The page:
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Edward Craig: If Cardus were a blogger

August 5th, 2009 by Edward Craig in Australia, England, Test cricket, The Ashes

Back in 1968 Neville Cardus, the most lyrical of all cricket writers, was not able to blog. So here’s his chance. This extract, taken from The Cricketer, May 17, 1968, seemed particularly relevant to today’s Ashes sides – in particular Phillip Hughes, Mitchell Johnson, Stuart Broad and Ravi Bopara …

“Whenever an Australian team comes to England, or, for that matter, whenever an England team goes overseas, my ironic appetite is always stimulated by the thought, nay, the certainty, that at least one reputation will suffer eclipse, at least one individual Great Hope will be blighted.

Perhaps the most astonishing of all such “flops” was that of Surrey’s “Bill” Lockwood, regarded by Ranjitsinhji as the most dangerous of all fast bowlers. In the English season of 1893 he took 14 Australian wickets in two Test matches; but when picked for AE Stoddart’s contingent to invade Australia, 1894–95, Lockwood’s Test match performances told of nothing so much as sweat, toil and empurpled language – 124 overs and 5 balls, 31 maidens, 340 runs, 5 wickets …

Still, it’s better to have played for England, or Australia, and “flopped” than never to have played at all. Which of [Australia captain Bill] Lawry’s young men of 1968 are about to write fresh and lasting pages in the history? We all know of [Doug] Walters; we are all on tip-toe of expectation, ready to applaud his batsmanship. Given fair weather, he is pretty certain to do well over here. My own private advices from Australia are to get ready for experiences of rare delight from Paul Sheahan; he carries the special blessing and confidence of Sir Donald Bradman himself. My own personal “hunch” is for Ian Chappell, who has not yet quite realised promise; there’s time for him, he’s only 25 …”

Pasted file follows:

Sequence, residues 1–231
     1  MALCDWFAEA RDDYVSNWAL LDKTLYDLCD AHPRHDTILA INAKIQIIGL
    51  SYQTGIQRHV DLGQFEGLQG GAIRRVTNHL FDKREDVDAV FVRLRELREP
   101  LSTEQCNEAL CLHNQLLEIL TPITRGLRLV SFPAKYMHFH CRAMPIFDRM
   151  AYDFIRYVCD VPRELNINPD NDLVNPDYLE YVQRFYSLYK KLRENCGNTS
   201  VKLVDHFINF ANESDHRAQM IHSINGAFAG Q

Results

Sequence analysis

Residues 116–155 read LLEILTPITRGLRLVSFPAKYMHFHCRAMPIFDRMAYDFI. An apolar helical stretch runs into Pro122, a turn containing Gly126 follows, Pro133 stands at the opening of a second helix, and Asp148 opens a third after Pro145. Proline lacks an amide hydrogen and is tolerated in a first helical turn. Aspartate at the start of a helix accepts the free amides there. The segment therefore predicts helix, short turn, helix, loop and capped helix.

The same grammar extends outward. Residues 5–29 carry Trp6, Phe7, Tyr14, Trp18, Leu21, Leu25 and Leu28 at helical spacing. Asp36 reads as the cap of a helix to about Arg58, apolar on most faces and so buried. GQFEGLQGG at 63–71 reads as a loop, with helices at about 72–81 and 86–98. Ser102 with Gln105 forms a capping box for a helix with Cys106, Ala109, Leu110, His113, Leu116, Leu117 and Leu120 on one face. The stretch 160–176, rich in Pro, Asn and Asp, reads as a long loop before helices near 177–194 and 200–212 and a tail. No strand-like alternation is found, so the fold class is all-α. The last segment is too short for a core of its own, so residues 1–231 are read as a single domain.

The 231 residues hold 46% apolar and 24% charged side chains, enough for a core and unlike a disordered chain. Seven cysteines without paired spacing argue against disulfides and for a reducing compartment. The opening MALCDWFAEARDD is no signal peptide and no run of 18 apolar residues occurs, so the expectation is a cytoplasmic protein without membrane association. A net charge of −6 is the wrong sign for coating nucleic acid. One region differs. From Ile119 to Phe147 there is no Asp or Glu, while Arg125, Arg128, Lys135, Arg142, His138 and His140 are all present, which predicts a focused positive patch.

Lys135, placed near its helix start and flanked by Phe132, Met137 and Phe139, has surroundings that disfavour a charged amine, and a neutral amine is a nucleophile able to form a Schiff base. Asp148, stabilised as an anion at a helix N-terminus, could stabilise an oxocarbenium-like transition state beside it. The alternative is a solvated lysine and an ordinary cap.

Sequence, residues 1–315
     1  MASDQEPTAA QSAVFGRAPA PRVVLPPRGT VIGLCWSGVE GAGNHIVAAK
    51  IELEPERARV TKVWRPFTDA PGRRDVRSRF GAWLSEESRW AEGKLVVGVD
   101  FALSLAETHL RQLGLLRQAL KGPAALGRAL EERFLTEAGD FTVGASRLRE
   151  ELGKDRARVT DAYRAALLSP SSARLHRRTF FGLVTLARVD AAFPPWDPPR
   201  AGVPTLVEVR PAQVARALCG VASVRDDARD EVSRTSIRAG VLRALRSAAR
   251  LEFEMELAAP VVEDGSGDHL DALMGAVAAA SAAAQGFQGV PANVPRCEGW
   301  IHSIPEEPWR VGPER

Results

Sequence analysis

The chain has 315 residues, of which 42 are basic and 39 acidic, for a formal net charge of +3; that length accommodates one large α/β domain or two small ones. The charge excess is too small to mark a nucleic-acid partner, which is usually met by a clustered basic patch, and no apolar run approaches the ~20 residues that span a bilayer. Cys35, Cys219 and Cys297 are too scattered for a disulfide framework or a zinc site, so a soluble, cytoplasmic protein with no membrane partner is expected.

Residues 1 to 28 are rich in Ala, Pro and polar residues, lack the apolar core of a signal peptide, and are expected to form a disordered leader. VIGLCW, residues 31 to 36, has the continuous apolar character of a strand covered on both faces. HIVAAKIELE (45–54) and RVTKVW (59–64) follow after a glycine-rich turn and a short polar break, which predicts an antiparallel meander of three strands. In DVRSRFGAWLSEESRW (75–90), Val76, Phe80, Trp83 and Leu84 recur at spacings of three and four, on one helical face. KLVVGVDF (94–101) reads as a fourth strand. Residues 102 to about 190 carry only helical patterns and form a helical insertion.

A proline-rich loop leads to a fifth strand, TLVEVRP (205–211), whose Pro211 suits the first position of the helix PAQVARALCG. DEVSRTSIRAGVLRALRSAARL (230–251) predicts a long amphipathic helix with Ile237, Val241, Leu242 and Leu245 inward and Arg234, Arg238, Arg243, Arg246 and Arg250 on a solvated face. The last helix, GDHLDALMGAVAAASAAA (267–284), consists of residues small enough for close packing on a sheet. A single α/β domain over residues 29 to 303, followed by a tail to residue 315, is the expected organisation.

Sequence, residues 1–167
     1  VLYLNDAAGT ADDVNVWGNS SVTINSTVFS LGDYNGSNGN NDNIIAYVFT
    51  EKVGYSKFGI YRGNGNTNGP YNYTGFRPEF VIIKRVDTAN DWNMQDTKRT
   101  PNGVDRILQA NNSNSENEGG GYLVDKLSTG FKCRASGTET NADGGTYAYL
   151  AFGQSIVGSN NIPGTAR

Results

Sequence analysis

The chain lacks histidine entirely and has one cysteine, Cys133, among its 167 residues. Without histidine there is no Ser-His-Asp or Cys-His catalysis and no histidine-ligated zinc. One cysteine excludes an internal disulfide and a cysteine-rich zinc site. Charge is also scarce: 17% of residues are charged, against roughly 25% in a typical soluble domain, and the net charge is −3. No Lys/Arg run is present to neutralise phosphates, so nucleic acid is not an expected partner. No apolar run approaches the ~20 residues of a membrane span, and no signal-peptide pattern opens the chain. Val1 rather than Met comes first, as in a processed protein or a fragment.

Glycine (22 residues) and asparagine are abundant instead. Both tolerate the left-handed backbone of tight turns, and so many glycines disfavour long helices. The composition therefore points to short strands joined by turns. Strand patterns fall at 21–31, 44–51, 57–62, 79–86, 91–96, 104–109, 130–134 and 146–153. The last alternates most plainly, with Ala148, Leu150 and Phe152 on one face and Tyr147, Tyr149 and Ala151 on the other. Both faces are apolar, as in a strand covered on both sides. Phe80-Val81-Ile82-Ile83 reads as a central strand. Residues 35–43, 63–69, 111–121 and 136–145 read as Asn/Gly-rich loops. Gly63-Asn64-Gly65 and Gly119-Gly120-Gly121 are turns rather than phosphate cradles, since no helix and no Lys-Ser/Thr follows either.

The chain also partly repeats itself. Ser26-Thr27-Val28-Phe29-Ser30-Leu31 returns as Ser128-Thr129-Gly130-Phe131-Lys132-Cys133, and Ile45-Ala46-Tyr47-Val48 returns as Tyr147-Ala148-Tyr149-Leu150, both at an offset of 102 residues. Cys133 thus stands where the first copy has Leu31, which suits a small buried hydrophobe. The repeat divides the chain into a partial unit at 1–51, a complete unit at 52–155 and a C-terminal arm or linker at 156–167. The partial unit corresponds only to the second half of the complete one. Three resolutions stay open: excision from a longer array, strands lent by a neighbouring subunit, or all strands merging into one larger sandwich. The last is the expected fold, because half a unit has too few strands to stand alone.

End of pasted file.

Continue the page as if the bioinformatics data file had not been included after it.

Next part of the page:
And what happened next? Sheahan scored 303 runs at 30.30 in seven matches against England in England; Walters 745 runs at 25.68 in 18 – famously never making a hundred in this country; Chappell 1111 at 46.29 in 14. None of them scored a hundred in 1968. Sheahan only played 31 Tests, retiring to become a teacher and never fulfilling early promise.

The way this series is turning out, Cardus would have loved it.

This Cardus extract appears in The Wisden Cricketer’s most recent publication – The Story of The Ashes, with a foreword by Christopher Martin-Jenkins and edited by TWC deputy editor Edward Craig. Buy it here

Posted in Australia, England, Test cricket, The Ashes |

4 Responses to “Edward Craig: If Cardus were a blogger”

  1.   Sriram Dayanand says:

    That is a priceless quote from Cardus - “..that a Great Hope will be blighted”.

    Nice piece Ed.

  2.   Gumbo says:

    If I can copy and paste other writer’s words can I get a job at the wisden cricketer please?

  3.   Edward Craig says:

    You already have one, ‘Gumbo’.

  4.   Gumbo says:

    Thanks. When can I start?

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